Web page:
I have a step-wise derived binary logistic regression model. I have used the calibrate(, bw=200, bw=TRUE) function in the rms package in R to estimate its future calibration. The output is given below and it shows the bootstrap overfitting-corrected calibration curve estimate for the backward step-down logistic model. However, I am not sure how to interpret it.

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I understand that calibration refers to whether the future predicted probabilities agree with the observed probabilities. Prediction models suffer that predictions for new subjects are too extreme (i.e, that the observed probability of the outcome is higher than predicted for low-risk subjects and lower than predicted for high-risk subjects). This is seen by tracing the dotted curve which is higher than the ideal (dashed) for low-risk group, and lower than the ideal for high-risk group.

Using the same reasoning, the bias-corrected curve seems to be worse, in the sense that it produces even more extreme probabilities. Is my interpretation correct?

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    $\begingroup$ bw=200 should read bw=TRUE $\endgroup$ – Frank Harrell Sep 2 '17 at 13:11

The curve labeled bias-corrected appears to be "over confident": its predictions for Predicted P(Class=1)<0.5 are too low and its predictions for Predicted P(Class=1)>0.5 are too high relative to Actual probability.

This is also the case for the curve labeled apparent, except at the extremes (roughly: x<=0.28 or x>=0.9) it appears to actually be $less$ confident.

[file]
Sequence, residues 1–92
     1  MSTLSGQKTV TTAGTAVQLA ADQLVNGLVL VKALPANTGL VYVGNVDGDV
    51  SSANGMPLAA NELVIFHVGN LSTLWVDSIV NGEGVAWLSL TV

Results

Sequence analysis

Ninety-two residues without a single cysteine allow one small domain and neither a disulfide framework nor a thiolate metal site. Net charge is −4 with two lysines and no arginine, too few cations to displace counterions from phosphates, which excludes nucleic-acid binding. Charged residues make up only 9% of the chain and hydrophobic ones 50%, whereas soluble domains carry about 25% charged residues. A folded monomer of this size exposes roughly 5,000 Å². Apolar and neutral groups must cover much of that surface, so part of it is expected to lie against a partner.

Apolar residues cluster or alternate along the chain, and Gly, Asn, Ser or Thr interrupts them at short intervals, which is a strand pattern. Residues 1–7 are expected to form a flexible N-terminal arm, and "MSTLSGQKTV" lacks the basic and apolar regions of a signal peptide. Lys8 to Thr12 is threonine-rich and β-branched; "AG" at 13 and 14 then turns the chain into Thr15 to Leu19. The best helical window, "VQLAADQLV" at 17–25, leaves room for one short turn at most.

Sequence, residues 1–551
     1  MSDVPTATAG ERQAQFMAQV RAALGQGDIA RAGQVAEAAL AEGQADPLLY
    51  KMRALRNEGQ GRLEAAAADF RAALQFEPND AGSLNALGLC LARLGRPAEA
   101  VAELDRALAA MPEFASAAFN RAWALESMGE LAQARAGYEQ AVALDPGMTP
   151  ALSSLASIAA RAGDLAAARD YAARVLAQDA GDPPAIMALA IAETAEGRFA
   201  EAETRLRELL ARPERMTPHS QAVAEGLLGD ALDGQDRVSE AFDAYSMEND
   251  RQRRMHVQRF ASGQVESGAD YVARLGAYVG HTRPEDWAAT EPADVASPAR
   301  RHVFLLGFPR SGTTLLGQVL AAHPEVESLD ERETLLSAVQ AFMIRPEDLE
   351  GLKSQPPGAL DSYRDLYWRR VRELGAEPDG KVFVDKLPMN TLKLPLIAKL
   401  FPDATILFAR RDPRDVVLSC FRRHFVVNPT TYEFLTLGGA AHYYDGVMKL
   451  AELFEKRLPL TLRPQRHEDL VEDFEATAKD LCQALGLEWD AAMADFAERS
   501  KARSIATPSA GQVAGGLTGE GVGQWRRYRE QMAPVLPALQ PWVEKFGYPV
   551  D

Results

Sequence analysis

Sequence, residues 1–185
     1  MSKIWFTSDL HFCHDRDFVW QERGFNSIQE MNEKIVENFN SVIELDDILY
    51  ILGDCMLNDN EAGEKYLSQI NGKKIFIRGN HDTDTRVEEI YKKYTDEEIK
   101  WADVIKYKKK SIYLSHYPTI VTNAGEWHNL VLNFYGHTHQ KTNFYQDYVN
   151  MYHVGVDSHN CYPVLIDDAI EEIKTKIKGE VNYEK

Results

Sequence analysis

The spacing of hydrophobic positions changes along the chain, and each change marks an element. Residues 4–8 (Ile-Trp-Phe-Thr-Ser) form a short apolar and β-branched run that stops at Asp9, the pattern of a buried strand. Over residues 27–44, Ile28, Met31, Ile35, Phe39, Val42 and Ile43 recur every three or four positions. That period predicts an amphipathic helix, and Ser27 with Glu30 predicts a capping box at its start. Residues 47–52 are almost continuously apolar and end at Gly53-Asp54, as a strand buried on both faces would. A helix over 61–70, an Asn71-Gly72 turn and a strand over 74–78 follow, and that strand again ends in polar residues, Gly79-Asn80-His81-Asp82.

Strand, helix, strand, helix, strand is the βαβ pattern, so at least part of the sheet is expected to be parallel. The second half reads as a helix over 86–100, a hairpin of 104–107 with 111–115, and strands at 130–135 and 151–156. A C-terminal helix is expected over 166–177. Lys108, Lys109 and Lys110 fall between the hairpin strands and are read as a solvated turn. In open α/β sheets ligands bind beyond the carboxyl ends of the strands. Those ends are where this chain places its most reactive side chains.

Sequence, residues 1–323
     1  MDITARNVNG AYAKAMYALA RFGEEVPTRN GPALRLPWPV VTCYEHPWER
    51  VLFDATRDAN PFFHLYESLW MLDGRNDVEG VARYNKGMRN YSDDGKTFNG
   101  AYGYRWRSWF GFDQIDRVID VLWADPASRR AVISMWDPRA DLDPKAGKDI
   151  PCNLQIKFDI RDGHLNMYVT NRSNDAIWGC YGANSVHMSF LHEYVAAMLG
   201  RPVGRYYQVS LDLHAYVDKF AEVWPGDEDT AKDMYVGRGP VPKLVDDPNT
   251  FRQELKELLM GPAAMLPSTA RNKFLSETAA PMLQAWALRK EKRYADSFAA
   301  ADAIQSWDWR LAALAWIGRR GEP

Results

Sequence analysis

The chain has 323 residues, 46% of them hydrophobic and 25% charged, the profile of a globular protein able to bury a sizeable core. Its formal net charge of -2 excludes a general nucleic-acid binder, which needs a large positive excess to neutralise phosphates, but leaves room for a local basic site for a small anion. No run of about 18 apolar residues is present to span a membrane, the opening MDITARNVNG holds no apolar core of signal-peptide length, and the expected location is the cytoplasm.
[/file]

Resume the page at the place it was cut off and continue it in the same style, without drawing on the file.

I am unsure of the details of the bias correcting method in rms, but I don't think the result is necessarily "worse"; With the correction, the probability estimates are parallel to the ideal. In other words, although it's known that the model is slightly overconfident, we can say that the difference between its mean prediction for a population with P(class)=0.2 is half of its mean prediction for a population with P(class)=0.4, which was not the case before and probably what one would hope for.

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    $\begingroup$ I wouldn't emphasize the last paragraph, otherwise nice answer @user99889. The bootstrap overfitting-corrected calibration curve shows that there is overfitting and that the apparent fit is optimistically good. The bootstrap-corrected curves are almost always farther away from the 45 degree line than the apparent curves. Overall I'd say that moderate overfitting is present and the results are probably not acceptable for field use, if risk estimates are needed. $\endgroup$ – Frank Harrell Sep 2 '17 at 13:15

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